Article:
Here’s how the COVID-19 pandemic has affected Americans’ paychecks and working hours
More than one-third of households have lost income since the COVID-19 pandemic began, according to the latest results from our ongoing Marketplace-Edison Research Poll.
Our latest survey, conducted at the end of April, looks at how Americans are dealing with the crippling unemployment rate and the economic uncertainty fueled by the COVID-19 crisis. (Read more about our methodology below.)
The poll, which launched in September 2015, includes an Economic Anxiety Index® that gauges how people feel about their personal financial situation. The higher the number, the more stressed you are.
In our latest round of results, the Economic Anxiety Index® saw the highest survey-to-survey spike since the series began. It had steadily dropped since 2017, reaching a record low of 28 in May 2019, and has now jumped to a near high of 35.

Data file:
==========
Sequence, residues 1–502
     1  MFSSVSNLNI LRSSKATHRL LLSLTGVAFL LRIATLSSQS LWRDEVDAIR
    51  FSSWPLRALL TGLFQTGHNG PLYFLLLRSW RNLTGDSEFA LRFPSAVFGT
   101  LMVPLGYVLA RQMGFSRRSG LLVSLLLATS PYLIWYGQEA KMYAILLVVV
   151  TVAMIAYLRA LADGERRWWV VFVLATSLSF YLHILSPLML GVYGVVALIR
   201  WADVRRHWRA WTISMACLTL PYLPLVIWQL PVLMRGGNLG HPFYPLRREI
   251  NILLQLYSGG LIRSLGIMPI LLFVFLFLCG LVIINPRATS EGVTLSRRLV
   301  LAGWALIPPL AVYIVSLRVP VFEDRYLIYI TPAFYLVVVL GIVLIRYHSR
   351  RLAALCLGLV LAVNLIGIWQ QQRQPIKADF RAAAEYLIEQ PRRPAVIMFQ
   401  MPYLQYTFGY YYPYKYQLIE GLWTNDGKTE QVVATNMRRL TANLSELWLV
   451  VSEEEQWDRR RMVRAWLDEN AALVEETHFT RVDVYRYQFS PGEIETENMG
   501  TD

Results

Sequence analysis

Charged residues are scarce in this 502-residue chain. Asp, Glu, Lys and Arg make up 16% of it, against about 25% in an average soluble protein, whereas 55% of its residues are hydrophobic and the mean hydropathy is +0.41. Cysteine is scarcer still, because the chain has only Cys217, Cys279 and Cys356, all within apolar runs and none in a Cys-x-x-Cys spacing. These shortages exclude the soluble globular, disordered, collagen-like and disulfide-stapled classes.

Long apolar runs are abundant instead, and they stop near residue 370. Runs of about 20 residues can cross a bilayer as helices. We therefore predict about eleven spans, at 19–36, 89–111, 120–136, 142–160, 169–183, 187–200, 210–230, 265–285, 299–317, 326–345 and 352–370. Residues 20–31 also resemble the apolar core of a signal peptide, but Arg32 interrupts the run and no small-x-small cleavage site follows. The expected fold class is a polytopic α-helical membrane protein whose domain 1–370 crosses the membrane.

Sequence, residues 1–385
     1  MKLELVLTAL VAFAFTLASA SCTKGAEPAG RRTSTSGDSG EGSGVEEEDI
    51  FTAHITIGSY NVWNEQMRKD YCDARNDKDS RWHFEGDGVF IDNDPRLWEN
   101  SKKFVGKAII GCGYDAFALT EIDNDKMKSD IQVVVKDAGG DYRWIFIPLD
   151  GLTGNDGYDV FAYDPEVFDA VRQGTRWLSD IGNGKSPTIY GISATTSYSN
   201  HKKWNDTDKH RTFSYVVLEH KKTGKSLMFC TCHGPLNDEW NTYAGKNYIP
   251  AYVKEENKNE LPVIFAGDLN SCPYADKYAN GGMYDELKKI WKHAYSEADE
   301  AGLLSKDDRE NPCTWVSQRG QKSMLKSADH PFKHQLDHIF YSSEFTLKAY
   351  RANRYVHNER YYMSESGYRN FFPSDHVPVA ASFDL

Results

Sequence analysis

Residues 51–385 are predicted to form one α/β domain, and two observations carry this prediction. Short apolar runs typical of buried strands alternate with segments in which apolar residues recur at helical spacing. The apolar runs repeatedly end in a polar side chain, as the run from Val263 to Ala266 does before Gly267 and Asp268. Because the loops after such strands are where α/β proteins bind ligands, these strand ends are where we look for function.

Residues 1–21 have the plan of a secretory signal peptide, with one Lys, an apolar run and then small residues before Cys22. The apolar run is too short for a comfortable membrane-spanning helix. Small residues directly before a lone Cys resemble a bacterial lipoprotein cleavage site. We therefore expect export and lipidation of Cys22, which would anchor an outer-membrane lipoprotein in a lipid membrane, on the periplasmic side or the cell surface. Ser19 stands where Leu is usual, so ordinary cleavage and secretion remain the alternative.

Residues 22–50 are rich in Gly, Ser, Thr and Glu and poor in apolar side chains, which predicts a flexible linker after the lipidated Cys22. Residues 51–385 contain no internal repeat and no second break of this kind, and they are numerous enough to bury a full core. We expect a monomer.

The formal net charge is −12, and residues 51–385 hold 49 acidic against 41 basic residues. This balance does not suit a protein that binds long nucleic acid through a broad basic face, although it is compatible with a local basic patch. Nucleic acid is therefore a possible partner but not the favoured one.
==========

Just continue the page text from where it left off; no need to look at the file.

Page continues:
We examined how the pandemic has affected American’s paychecks, their ability to pay household expenses and how they think President Donald Trump is handling the current economic crisis. Here are some of our key findings:
Employment and income
More than 32% of households say they’ve lost income since the pandemic began. About 26% of Americans who are currently working say they’ve experienced a paycut, while 36% are working fewer hours.